Stefano Betti

The body of criminal justice treaties dealing with organized crime, of which the United Nations Convention against Transnational Organized Crime (UNTOC) is the central pillar, has been built on the assumption that the state institutions responsible for implementing the treaties are fundamentally sound and genuinely motivated to combat organized crime.

While this is not to deny, of course, that public officials may be involved in organized criminal conduct, the assumption is that, in most cases, the problem has not spread to the point of corrupting the entire governance systems of state parties. Poor treaty implementation records tend to be attributed less to states’ unwillingness to address organized crime than their lack of resources or expertise for doing so. As a result, international and multilateral agencies responsible for supporting implementation efforts tend to prioritize technical assistance as a critical tool for building institutional capacity, particularly in developing countries. 

This paradigm has come increasingly under strain in recent years as a result of the proliferation of countries with high levels of state-embedded criminality, which raises a simple but troubling question: how can we reasonably expect those in charge of implementing criminal justice treaties to do so if they are the part of the problem? Does this not set the stage for a fundamental conflict of interest? 

As the Global Organized Crime Index 2023 identified, ‘criminal actors that are part of or act from within the state apparatus continue to be a major impediment to the development of effective anti-organized crime strategies’. Compared to the findings of the 2021 Index, there has been a substantial increase in the average global score of state-embedded criminal actors, which rose by 0.20 points to 5.95 (out of 10, with 10 being the most severe). These actors are found to be dominating the criminal landscape as the primary entities involved in organized crime worldwide. Out of the 193 countries surveyed, an alarming 55 received a score of 8 or higher in this category. The Index also notes that the ‘countries most affected by the impact of state-embedded actors continue to be primarily authoritarian regimes’, with 54% classified as such by the Economist Intelligence Unit’s 2022 Democracy Index.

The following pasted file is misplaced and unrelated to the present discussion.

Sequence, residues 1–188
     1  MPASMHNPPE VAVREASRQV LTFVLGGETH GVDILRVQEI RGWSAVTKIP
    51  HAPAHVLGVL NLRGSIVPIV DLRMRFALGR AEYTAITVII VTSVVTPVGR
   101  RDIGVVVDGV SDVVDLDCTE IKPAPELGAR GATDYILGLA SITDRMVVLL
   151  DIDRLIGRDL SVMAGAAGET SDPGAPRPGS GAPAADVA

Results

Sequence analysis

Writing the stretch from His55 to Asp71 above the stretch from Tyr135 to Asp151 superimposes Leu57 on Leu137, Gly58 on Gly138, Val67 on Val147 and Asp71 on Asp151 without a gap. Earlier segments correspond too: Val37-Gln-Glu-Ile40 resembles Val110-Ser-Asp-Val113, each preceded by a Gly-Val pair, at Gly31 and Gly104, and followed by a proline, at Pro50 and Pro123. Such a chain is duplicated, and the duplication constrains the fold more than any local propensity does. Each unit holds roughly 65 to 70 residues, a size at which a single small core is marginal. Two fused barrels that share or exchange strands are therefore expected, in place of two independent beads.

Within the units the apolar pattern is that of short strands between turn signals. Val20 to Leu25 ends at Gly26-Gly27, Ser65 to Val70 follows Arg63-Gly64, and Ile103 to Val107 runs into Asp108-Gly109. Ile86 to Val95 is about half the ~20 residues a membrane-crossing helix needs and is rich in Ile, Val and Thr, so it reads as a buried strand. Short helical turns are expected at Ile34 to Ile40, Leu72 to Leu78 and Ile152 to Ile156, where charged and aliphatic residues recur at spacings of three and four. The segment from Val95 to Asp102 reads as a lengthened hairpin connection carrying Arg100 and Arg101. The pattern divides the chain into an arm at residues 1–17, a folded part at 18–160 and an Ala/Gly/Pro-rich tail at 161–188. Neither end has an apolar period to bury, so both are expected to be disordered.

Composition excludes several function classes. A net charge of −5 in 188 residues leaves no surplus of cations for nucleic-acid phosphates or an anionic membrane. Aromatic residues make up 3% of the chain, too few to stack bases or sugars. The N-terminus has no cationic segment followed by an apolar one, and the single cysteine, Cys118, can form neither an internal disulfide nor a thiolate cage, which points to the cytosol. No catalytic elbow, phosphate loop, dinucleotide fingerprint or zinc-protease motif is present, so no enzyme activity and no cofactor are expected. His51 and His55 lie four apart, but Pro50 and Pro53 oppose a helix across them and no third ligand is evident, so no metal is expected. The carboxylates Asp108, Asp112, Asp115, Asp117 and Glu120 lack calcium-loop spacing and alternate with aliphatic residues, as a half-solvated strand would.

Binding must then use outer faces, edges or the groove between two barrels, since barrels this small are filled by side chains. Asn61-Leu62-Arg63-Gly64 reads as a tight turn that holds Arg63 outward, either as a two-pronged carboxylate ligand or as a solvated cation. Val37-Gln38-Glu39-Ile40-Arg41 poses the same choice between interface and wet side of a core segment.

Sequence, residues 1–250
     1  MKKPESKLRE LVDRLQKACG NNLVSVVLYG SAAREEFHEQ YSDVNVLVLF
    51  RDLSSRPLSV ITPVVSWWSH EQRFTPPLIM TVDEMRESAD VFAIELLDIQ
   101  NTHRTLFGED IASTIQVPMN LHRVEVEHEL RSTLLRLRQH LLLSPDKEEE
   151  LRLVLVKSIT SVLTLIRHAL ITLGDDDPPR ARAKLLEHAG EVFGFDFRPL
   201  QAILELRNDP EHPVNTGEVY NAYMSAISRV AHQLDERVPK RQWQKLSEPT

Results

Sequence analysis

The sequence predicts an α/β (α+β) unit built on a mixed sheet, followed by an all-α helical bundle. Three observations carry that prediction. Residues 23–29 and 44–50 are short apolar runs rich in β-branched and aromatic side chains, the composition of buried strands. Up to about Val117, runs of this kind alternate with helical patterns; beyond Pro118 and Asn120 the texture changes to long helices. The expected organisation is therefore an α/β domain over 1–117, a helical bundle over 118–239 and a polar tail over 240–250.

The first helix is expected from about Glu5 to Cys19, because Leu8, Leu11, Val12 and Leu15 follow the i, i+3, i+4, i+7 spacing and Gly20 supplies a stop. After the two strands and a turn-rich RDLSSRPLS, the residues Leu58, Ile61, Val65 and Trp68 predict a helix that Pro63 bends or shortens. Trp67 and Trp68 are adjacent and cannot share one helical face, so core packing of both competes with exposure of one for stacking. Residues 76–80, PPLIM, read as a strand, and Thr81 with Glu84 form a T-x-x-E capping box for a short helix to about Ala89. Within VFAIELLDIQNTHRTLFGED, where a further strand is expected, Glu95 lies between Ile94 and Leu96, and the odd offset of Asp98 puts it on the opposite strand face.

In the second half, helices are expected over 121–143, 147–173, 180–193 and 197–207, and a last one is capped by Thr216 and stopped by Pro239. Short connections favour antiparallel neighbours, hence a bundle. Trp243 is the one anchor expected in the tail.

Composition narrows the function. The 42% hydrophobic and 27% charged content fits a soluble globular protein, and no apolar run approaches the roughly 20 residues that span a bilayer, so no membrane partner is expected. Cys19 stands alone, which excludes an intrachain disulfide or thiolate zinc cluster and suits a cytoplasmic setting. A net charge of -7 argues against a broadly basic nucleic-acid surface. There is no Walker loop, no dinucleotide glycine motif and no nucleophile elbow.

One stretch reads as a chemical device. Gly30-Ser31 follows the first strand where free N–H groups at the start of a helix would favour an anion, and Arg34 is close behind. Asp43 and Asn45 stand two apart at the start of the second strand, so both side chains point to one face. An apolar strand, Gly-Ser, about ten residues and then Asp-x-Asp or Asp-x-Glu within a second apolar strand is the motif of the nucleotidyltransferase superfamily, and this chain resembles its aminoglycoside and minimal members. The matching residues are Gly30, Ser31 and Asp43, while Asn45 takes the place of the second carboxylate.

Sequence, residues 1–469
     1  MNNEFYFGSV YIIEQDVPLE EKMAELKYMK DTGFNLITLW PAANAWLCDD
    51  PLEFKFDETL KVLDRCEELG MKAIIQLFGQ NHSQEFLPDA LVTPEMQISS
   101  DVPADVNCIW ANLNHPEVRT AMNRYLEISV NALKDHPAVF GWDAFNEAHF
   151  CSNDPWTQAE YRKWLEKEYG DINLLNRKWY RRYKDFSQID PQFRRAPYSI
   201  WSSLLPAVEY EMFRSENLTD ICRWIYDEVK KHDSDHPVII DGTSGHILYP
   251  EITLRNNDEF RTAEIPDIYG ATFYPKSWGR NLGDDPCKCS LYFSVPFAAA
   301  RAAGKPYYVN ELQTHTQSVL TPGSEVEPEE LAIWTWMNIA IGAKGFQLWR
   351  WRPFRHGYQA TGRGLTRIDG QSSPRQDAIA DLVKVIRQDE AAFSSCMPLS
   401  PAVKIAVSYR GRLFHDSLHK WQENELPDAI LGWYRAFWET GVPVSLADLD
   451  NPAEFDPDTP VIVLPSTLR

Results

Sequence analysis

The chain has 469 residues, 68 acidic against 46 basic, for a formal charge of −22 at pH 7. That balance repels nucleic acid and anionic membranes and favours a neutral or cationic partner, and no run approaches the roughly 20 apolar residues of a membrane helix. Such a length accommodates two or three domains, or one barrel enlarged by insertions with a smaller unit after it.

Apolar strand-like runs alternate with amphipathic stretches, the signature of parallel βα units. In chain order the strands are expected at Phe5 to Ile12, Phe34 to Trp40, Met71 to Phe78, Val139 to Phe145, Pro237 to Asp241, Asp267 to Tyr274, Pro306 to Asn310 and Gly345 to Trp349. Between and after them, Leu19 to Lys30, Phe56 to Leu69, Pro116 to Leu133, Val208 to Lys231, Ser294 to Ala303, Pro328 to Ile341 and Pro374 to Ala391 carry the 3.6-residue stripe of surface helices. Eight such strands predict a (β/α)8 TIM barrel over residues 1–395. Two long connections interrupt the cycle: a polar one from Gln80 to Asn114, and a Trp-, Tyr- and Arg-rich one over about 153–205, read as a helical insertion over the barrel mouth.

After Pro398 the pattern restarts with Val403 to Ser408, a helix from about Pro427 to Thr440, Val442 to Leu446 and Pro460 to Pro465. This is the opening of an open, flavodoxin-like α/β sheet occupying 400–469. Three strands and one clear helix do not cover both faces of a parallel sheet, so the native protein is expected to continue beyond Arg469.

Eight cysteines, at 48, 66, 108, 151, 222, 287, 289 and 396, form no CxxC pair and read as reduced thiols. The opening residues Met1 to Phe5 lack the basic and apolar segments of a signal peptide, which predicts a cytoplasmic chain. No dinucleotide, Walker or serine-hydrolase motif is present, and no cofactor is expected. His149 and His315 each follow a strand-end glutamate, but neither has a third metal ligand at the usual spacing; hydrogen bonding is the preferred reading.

In extreme cases, organized crime permeates state structures to such an extent that they are chronically and systematically diverted from their original mandates. A common feature of so-called mafia states, kleptocracies and narco-states is the influence of powerful groups that manage to co-opt state institutions and transform key decision-making processes into tools for private or criminal ends. This can manifest itself in a number of ways, such as the appointment of loyalists to parliamentary positions; the curtailment of the independence of the judiciary and the functions of the executive, including law enforcement; and the use of administrative discretion in ways that serve criminal interests. In addition, constraints may be placed on journalists and media outlets, preventing them from informing the public about issues such as the mismanagement of public funds and the connections between public authorities and criminal elements.  

Under these conditions, we may begin to see a more pronounced political use of the classical cooperation channels outlined in the international criminal justice treaties. A typical example is the fabrication of criminal charges to pursue political dissidents abroad through extradition procedures, a process that is clearly facilitated in authoritarian countries. In this vein, a 2022 study commissioned by the European Parliament has suggested a link between the authoritarian developments taking place in many countries and the growing risk of abuse of INTERPOL Red Notices (international requests for the location and provisional arrest of a person pending extradition) for political purposes. As noted in an article published in the Harvard International Review in the same year, this system is vulnerable to exploitation by authoritarian countries.